Identify the Current Lgislations, Guidelines, Policies and Procedures for Safegaurding the Welfare of Children and Young People
4868 WordsOct 15, 201220 Pages
Identify the current legislation, guidelines, policies and procedures for safeguarding the welfare of children and young people including e-safety
Children Act 1989
This Act identifies the responsibilities of parents and professionals who must work to ensure the safety of the child. This Act includes two important sections which focus specifically on child protection. Section 47 states that the Local Authority has ‘a duty to investigate when there is a reasonable cause to suspect that a child is suffering, or likely to suffer, significant harm’. Section 17 states that services must be put into place to ‘safeguard and promote the welfare of children within the area who are in need’.
The Education Act 2002
This sets out the…show more content…
If it is found that the child may be at risk of harm or abuse social workers will:
carry out an initial assessment of children who are thought to be at risk to find out about: for example, the child’s needs, the ability of parents to meet the child’s needs, family and environmental factors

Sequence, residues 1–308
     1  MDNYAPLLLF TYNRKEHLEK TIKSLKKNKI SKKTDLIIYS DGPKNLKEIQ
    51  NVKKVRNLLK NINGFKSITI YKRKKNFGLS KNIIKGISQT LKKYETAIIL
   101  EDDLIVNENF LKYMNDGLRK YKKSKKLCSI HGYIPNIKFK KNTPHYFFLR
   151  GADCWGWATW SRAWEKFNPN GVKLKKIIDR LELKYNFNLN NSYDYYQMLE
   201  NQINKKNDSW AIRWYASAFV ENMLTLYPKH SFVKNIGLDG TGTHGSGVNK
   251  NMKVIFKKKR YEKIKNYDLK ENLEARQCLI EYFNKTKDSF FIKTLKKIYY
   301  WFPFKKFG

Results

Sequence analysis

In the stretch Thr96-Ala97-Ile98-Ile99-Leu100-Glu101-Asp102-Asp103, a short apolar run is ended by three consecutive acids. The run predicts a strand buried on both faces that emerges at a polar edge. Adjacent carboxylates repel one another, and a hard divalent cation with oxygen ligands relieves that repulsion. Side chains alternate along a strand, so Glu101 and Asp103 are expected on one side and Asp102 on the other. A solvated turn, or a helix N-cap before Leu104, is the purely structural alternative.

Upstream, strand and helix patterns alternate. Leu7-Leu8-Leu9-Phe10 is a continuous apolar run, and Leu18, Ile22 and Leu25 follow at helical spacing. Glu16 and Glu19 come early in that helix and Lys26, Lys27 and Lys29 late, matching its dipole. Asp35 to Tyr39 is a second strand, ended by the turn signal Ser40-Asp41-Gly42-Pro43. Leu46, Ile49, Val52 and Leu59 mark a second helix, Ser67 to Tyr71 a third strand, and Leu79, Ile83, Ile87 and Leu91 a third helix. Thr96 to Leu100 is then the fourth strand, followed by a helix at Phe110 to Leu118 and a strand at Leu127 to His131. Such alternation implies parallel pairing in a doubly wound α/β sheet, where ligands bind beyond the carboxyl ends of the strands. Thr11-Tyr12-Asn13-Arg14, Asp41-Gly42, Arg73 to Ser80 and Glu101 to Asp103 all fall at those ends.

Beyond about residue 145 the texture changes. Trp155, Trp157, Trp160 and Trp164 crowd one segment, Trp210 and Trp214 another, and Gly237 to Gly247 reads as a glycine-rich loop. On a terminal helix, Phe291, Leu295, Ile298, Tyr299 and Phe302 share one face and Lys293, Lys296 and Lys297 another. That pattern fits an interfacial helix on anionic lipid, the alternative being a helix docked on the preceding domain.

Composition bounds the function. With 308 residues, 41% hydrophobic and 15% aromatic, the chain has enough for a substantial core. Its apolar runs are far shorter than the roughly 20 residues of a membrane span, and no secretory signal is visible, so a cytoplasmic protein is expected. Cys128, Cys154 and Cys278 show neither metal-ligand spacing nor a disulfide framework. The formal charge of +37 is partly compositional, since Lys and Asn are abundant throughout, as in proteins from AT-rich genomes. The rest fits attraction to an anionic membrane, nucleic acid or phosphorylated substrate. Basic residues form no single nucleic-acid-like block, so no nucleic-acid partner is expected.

meet and conduct interviews with the child and family members
liaise with and gather relevant information about the child and their circumstances from other agencies
take the lead during the Child Protection Conference
take action when a child is thought to be in immediate danger.
The police work closely with children’s social care to protect children from harm. The police have particular role to play. All forces have a Child Abuse Investigation Unit (CAIU). Their role and responsibilities include:
making a decision on whether a crime had been committed and if so, to begin a criminal investigation
gathering evidence from children’s social care, other agencies and others thought to be involved taking emergency action if children are in immediate danger – this may involve removing the child or removing the perpetrator
attending court to give evidence when a crime has been committed.
Health professionals, in particular GPs and doctors in emergency departments, may examine children with injuries which they suspect may be non-accidental. They have a duty to alert children’s social care when abuse is